Venue Details

Actors Theatre of San Francisco
855 Bush St. San Francisco, CA 94108
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4.4 / 5 Rated by 72 members
Review from bwkbwk
Red Velvet 399 events 107 reviews

An incredible show. Superb performances by all actors (especially the part of George).

Although the show is 3 hours long (not including two 10-minute intermissions), I was interested the entire time, and I never knew where the ultimate plot...continued

reviewed Nov 20 2009 report as inappropriate
Risa Meyer
Review from Risa Meyer
Red Velvet 116 events 55 reviews

The performance was very well done but too long.

reviewed Dec 06 2009 report as inappropriate
Review from oneabogado
Red Velvet 54 events 16 reviews

I didn't expect to enjoy this as much as I did. The actors were superb - ALL of them. This is by far the best play I have seen in the last year and a half. It's 3 hours but there are 2 intermissions. Worth it.

reviewed Nov 13 2009 report as inappropriate
View All 32 Reviews
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Quotes & Highlights

Winner of the Tony Award and the New York Drama Critics Circle Award


Martha, the daughter of the college president, much to the consternation of her husband, George, a “forty something” professor of history, invites for late night drinks a newly arrived on campus and ambitious young academic, Nick, and his naive wife, Honey.  Fueled by prodigious consumption of alcohol, George and Martha ensnare the guests in their no holds barred verbal warfare during which the deepest confidences are betrayed, facades of civility ripped away, pretension and self respect destroyed. And yet the curious alliance of George and Martha survives the maelstrom of their drunken Saturday night and gives promise of redemption in the dawn of Sunday morning.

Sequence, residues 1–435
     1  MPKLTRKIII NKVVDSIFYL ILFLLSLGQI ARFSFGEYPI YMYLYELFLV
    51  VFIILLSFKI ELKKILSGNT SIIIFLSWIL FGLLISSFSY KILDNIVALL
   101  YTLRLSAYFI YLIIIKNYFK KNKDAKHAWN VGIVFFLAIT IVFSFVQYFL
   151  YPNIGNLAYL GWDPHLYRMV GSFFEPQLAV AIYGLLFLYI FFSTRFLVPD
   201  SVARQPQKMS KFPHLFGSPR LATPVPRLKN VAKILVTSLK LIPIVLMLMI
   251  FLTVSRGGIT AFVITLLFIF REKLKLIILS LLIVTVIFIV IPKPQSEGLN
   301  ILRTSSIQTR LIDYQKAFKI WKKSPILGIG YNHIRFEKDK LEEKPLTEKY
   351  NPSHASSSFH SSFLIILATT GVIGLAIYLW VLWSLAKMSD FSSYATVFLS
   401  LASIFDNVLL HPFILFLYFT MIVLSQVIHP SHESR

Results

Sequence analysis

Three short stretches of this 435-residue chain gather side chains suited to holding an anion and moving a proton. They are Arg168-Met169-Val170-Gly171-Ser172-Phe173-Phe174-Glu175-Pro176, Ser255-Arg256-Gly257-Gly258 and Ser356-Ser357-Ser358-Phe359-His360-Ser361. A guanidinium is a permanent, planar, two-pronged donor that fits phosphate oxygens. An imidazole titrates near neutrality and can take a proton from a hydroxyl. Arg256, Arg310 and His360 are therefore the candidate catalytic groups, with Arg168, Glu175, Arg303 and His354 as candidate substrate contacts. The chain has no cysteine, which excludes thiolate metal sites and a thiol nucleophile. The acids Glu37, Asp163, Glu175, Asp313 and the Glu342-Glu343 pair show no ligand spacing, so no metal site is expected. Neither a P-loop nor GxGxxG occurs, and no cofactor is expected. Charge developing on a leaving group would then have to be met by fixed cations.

Who’s Afraid of Virginia Woolf? opened at Broadway’s Billy Rose Theater on October 3, 1963, starring Uta Hagen and Arthur Hill as the battling George and Martha. It ran for 664 performances and won the New York Drama Critics Circle Award andy the 1963 Tony Award for Best Play. It was made into a popular film starring Elizabeth Taylor and Richard Burton in 1966, for which Taylor won an Academy Award for Best Actress.

The title refers to Virginia Woolf (1882-1941), an influential British feminist writer who pioneered the ‘stream of consciousness’ literary style while examining the psychological and emotional motives of her characters. She suffered from mental illness and ultimately went insane and committed suicide.

This Actors Theatre of San Francisco production features Christian Phillips as George, Rachel Klyce as Martha, Alex Garcia as Nick and Jessica Coghill as Honey. Directed by Keith Phillips, Assisted by John Krause. Design by Biz Duncan, Rachel Klyce, James Baldock.

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